Predictions are like opinions, everyone has one
Predictions are difficult. It is difficult to make sense of the real estate market. It is hyper-local but at the same time part of a larger whole. What happens in Toronto, Washington and Tehran impacts the price and time to sell that little bungalow just off Margaret Avenue.
It is the butterfly effect.
It is the interconnectedness of all things.
It’s the six degrees of Kevin Bacon.
At the same time, we read a lot of news and sometimes see things on TV and the internet that seem contradictory to each other and to our current beliefs. To make matters even more complicated, real estate statistics are always looking back at what just happened as a indicator of what will likely happen next. We know this is often not the case.
And then there is the way that real estate is reported. I mean this in the kindest way possible —> reporters, journalists and news personalities are not economists. They don’t really get it. They are not attached to it like full-time professional realtors are. For example, most real estate agents like me track not only the traffic to their websites and their own activity (listings, showings, conversions…), but also they keep an eye daily on the local hotsheet — the up to the minute record of local listings and sales.
Simply put, reporters report it, but realtors live it.
Finally, people believe what they want to believe. If they really need prices to drop, they convince themselves that prices will fall because of X. They do this without taking all of the other factors into account. There are a lot of moving parts in real estate. It’s a big machine. A big part of the economy.
Trends for 2018
Borrowed money is tougher to get
For borrowers, because of a bunch of mortgage restrictions that went into effect a few days ago, affordability will be cut by as much as 20%. That means, instead of being able to buy that $500,000 home, buyers may only qualify for a $400,000 home. Borrowers need to qualify for more which essentially means that they are getting less.
For us locally, you would think that would lead to a general decline in the volume of sales and may lead to a drop in prices. But the tougher mortgage rules may lead more GTA buyers to the relative affordability of Waterloo Region. I was in Victoria over the Christmas holidays. The market there has gone a little nuts probably because of it’s relative affordability compared to Vancouver.
Interest rates will rise
The economy is strong and interest rates remain historically low. We had hikes in July and September last year. At the end of 2018, I predict that interest rates will be at least another half a point higher. Maybe more.
If that is true, we will hear rumblings in the late winter and early spring and that may lead to a very busy spring market.
Condo sales will continue to be most active
Circa 1877, the new condo development located at the old Brick brewery sold out in a day. I was there. There was a line up of realtors and home buyers. It could have been pandemonium when the listing brokerage’s computer system broke down but this is KW so everyone was polite and well behaved.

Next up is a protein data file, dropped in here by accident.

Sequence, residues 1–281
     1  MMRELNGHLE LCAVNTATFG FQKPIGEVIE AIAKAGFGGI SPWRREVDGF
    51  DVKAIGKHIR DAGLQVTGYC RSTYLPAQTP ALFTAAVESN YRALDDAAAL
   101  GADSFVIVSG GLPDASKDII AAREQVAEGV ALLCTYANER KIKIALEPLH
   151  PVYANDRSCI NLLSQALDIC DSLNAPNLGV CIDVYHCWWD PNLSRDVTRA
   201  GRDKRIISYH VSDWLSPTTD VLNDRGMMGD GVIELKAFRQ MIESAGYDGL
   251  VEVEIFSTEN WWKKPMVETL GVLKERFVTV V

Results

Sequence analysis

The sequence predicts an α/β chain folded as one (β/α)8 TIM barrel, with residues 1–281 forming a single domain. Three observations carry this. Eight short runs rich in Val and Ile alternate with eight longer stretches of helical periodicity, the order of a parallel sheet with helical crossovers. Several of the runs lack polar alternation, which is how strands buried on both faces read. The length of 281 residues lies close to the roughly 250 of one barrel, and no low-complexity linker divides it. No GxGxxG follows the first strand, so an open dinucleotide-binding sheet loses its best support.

As an aside, most of the buyers (90+%) were reported to be local to KW.
The LRT, changing demographics and affordability are driving condo growth.
Historically, prices rise in KW by 5-6% per year. Remax recently went on record with a prediction of 6% for KW in 2018. Others I’ve read say 2-3%. My own experience with predicting price growth tends to be a couple of points too low. With that in mind, I think in 12 months we will see a 4-5% gain in home prices.
They will go up; it is only a matter of by how much.
Renovators not strangers
The out-of-town buyer and the out-of country buyer have been blamed for our rising prices. But statistics show that this phenomenon, through in existence is over-reported. Frankly the reality does not match the perception. It’s human nature – blame the outsider.
What is really happening and will continue to happen is more closely related to valuation.
- when new homes and condos are sold (pre-construction), it used to be that builders and developers gave you a discount for tying up your money for one, two or three years. Now, I think they price things at a future value – the price they think it will be worth when the work is completed. People pile on because money has been cheap and easy.
- Added value through improvements and renovations. We have seen teardown and rebuilds, and major renovations in certain Waterloo Region neighbourhoods. We don’t see all of the smaller kitchen and basement renovations, but there is a lot happening in the home improvement world. There is no way to measure this data. With the price of land becoming so expensive, we will see this home improvement trend continue. When an improved house sells, prices go up.